United Nations High Commissioner for Refugees (UNHCR) that is normally known as The UN Refugee Agency had published a report (PDF) titled Global Trends earlier this year that highlighted details and numbers for Forced Displacement all around the world in 2016. According to this report, there were 65.6 million forcibly displaced people in the world by the end of last year. The report noted that there were 20 new people getting displaced during every minute of 2016. According to United Nations, the average length of a displacement is now 17 years.
Now most of us think of refugees as a burden who are stuck in unfortunate situations and have no option but to rely on aid offered by governments or international agencies. However Five One Labs, an Iraq-based startup incubator wants to see them as agents of change.
Co-founded by Alice Bosley, Patricia Letayf and Sophia Burton earlier this year, Five One Labs is located in Erbil, the capital of Kurdistan Region in Northern Iraq. The three had started their research on the idea last year and registered as an organization in March this year. With Five One Labs, they aim to help refugees and conflict-affected entrepreneurs launch and grow their startups in the Middle East.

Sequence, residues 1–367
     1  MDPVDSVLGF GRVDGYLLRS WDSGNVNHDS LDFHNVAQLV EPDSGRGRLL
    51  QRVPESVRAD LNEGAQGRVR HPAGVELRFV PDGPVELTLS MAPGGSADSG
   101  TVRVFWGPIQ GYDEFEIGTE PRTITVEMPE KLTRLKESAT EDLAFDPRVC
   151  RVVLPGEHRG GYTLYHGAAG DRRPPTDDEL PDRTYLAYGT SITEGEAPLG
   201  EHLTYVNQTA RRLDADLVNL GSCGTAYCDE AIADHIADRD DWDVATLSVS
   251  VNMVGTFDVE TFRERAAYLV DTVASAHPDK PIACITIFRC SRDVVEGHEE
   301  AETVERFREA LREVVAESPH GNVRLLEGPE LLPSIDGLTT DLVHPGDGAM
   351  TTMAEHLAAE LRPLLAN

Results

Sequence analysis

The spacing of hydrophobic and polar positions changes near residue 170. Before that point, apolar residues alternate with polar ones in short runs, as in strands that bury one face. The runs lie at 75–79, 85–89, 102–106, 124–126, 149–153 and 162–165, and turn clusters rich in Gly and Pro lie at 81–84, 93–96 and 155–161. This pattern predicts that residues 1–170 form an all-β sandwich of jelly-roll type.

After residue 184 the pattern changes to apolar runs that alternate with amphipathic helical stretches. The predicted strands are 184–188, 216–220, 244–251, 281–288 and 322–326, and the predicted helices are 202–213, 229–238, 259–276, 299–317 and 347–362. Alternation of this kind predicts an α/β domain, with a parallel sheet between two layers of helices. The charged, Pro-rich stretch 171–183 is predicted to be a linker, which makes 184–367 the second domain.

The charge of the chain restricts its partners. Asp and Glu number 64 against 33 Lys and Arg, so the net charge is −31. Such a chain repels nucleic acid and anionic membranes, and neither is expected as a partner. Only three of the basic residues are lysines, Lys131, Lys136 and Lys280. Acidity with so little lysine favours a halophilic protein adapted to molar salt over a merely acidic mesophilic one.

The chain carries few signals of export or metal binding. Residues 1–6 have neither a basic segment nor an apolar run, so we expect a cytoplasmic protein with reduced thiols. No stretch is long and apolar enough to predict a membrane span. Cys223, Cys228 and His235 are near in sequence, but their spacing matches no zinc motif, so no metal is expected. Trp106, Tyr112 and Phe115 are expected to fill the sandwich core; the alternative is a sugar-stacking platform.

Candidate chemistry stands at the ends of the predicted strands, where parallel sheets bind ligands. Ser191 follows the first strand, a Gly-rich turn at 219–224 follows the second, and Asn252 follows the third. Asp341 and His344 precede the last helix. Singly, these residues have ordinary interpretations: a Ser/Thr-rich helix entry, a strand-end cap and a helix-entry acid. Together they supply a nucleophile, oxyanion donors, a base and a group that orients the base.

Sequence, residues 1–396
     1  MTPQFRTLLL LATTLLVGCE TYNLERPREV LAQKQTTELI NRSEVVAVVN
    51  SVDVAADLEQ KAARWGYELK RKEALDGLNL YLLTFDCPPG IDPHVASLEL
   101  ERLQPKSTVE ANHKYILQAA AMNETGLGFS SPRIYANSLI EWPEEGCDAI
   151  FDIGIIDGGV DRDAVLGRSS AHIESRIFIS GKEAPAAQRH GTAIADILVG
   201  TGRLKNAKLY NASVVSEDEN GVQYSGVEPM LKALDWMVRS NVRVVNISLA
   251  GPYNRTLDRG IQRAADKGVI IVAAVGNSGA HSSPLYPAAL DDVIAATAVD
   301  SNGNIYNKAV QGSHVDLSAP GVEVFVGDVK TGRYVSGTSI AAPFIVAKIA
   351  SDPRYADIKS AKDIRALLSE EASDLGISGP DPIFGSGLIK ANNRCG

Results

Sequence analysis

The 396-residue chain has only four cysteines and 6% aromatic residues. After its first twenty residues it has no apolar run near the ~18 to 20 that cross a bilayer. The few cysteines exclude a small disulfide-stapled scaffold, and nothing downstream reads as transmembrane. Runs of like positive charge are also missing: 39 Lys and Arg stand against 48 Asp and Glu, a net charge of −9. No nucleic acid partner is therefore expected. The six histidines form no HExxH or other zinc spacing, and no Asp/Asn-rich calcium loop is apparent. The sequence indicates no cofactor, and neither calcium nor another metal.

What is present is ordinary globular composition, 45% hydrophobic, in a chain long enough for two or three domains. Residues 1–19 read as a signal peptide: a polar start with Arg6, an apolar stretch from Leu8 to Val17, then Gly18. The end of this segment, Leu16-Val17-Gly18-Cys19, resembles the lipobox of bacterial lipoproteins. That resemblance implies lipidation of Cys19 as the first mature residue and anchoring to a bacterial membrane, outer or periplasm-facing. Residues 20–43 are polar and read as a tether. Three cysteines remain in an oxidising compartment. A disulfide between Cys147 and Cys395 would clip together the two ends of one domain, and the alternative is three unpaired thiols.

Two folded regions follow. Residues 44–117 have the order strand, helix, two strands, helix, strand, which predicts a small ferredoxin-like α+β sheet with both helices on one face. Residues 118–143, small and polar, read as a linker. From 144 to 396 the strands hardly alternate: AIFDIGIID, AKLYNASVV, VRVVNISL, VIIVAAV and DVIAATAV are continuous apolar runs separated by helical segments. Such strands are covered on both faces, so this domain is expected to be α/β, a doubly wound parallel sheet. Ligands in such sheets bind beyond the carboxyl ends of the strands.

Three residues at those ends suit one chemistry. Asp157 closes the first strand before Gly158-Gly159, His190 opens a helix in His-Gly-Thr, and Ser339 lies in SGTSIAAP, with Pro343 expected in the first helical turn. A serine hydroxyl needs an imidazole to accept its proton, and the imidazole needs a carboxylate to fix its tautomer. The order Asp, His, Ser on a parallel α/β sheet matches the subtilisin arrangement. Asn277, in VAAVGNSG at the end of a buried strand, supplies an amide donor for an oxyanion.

The incubator is focused on the whole Middle East but has setup its base in Kurdistan as the region has a more favorable policy towards refugee economic integration than other places in the Middle East, Alice told us.
“Syrians are legally allowed to register businesses whereas in many other countries they do not have the legal right to work or start businesses.”
Alice serves as Executive Director of the incubator, she was previously working with UNHCR’s Innovation Unit, using design thinking to solve humanitarian challenges worldwide. She has also worked at the American University of Iraq in Sulaimani, a city in Northern Iraq. Patricia, the co-founder & Director of Operations of Five One Labs has also worked in the region, her last assignment before starting the incubator was with a Dubai-based consultancy where she worked as a Political Risk Analyst.